Monday, May 08, 2017

Train the Way You Fight Because You'll Fight the Way You Train

Remember that German soldier with so much time on his hands that he could masquerade as a non-Arabic speaking refugee in order to carry out a terror attack? That was just the tip of the Gott im Himmel moment.

Gott im Himmel:

The bizarre case of a racist soldier allegedly plotting an attack while posing as a Syrian refugee and several abuse scandals have sparked a war of words between Germany's defence minister and the military.

It is a dangerous political battle for Ursula von der Leyen, the first woman in charge of the Bundeswehr, who is often mentioned as a potential successor to Chancellor Angela Merkel.

The mother-of-seven has sternly criticised military "attitude and leadership problems", highlighted by the case of the soldier and by recent sexual abuse and hazing scandals.

This in turn has made her a target of chastened rank-and-file soldiers who charge she is tarring them all while dodging personal responsibility after more than three years on the job.

I'm sure that Germans opposed to Germany spending 2% of their GDP on defense to protect the West against Russians and jihadis will use this incident to say the German military can't be trusted with weapons.

And this doesn't help either:

The head of Germany's armed forces has called for an inspection of all army barracks after investigators discovered Nazi-era military memorabilia in a garrison, broadening a scandal about right-wing extremism among soldiers.

By all means root out right-wing extremism there. Looking the other way can have bad consequences as we learned (we did learn, right?) at Fort Hood.

But what this really says is that the German military should have the money to put their army into the field to train up to combat standards until they are too focused on conventional combat against actual enemies and too tired to dabble in terrorism and Nazi fantasies in their free time.

Rather than argue for that, Minister von der Leyen peddles excuses for why criminally inadequate defense spending is okey dokey by her.

Instead of having a military that can fight, von de Leyen has given Germany an army that can't take the field even to train and can't fight a real war, but can plot against civilians in their ample free time.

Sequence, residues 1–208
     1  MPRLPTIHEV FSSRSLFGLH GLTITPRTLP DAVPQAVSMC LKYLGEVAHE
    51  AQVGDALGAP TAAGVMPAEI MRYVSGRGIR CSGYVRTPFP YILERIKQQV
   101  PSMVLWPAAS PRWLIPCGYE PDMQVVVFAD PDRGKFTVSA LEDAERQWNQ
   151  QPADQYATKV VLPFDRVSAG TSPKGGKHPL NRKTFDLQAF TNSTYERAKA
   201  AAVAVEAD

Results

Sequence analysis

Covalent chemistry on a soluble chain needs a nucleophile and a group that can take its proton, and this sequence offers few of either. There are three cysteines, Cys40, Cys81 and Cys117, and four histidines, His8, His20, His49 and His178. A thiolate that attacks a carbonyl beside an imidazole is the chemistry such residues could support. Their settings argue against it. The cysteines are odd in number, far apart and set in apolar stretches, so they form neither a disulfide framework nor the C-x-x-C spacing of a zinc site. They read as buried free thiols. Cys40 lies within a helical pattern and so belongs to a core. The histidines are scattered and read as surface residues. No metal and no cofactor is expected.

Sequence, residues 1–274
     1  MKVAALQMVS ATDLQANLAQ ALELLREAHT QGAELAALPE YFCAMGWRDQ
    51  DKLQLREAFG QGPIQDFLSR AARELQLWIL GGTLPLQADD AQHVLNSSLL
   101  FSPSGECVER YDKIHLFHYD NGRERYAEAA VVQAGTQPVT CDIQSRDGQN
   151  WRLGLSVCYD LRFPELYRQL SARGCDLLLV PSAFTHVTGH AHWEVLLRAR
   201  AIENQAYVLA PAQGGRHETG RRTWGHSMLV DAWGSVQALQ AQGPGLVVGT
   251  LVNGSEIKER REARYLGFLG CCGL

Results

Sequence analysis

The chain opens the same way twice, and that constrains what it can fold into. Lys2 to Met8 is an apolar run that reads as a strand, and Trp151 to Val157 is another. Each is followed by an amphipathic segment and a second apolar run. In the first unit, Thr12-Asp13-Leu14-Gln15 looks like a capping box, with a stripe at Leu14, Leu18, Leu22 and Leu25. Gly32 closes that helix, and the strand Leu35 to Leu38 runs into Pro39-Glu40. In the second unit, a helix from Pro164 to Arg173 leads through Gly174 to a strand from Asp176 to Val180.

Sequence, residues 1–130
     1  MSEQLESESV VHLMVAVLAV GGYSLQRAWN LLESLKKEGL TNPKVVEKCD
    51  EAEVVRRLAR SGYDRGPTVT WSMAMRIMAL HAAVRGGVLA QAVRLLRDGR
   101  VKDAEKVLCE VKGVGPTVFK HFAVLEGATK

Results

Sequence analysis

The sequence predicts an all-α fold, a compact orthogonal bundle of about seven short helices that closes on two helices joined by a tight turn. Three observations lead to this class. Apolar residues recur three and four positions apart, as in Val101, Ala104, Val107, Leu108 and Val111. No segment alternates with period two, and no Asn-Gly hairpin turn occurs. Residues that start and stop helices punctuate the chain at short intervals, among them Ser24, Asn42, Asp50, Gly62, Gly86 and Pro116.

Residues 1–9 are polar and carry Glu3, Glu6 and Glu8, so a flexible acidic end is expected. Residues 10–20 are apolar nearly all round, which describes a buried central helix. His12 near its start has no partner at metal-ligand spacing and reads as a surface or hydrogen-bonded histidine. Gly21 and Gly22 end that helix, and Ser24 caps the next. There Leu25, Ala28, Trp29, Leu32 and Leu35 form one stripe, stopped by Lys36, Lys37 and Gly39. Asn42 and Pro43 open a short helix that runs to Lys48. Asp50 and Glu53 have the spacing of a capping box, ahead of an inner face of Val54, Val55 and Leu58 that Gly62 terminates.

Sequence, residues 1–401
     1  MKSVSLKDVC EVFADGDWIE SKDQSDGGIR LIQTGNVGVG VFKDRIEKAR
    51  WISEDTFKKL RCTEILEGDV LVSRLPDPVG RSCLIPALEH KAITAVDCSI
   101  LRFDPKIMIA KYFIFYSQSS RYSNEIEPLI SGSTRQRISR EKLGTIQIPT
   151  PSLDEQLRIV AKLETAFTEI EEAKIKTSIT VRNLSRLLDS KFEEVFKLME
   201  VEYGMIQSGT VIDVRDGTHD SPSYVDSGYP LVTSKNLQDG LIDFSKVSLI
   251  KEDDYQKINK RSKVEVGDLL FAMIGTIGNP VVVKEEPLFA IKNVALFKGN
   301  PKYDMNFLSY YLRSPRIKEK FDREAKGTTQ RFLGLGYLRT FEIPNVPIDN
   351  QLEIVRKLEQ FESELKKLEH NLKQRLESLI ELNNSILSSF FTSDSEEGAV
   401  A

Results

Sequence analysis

Heckuva job Ursula!

And then we get to the really horrifying part: van de Leyen is "often mentioned as a potential successor" to Merkel? Really?

Germany just doesn't value defense. America has a secretary of defense who is a former general and combat veteran whose nickname is "Mad Dog." This is an appointment that speaks to taking defense seriously.

Germany's current minister of defense was a medical doctor who previously served as the Minister of Family Affairs and Youth and the Minister of Labor and Social Affairs. Well.

No offense to Minister von der Leyen, but she's a Fluffy Kitten.

This difference in defense leadership demonstrates the contrast between America and Germany about the priority of national defense. We care about it and the Germans don't.

So she's going to bring her skill sets that make the German army the scourge of civilian foes to the highest office of the land?

Good Lord, von der Leyen is seriously being considered for the chancellorship? What has she done to earn that? Have the Germans lost their minds?

I don't mean to pick on von der Leyen in particular, but she seems typical of European defense ministers who don't see their jobs as particularly important, viewing them as speed bumps on the way to a real job like minister of human services.

UPDATE: The German defense minister will work to purge the military of Nazis.  That's good. Sure, I hate Chicago Nazis as much as the next guy. But German Nazis are a bigger problem, all things considered.

But actually equipping and  training the German military to fight the Russians would do a lot of good to fill the void that apparently allows troops to be radicalized that way.

On the surface, this is a good thing:

The German Army is in line for an upgrade of its tanks, based on the expectation that future conflicts will rely heavily on ground warfare with armored vehicles.

All told, the Bundeswehr stands to get 104 used Leopard 2 battle tanks out of storage that manufacturer Krauss-Maffei Wegmann will upgrade under a contract with the German Defence Ministry from the A4 configuration to the newest A7V standard.

Germany will field 328 tanks when that is done. Which is a bit more than a single American tank division had in the Cold War.

Although it isn't clear to me if this is to increase the number of tank brigades or is to provide for war loss replacements. Both are necessary these days.

And if Germany's already inadequate funding for equipment, maintenance, and training continues, will more tanks in the force just mean already inadequate support is spread even more thinly?

The Germans need to do a lot of things that cost money to fix what ails their military.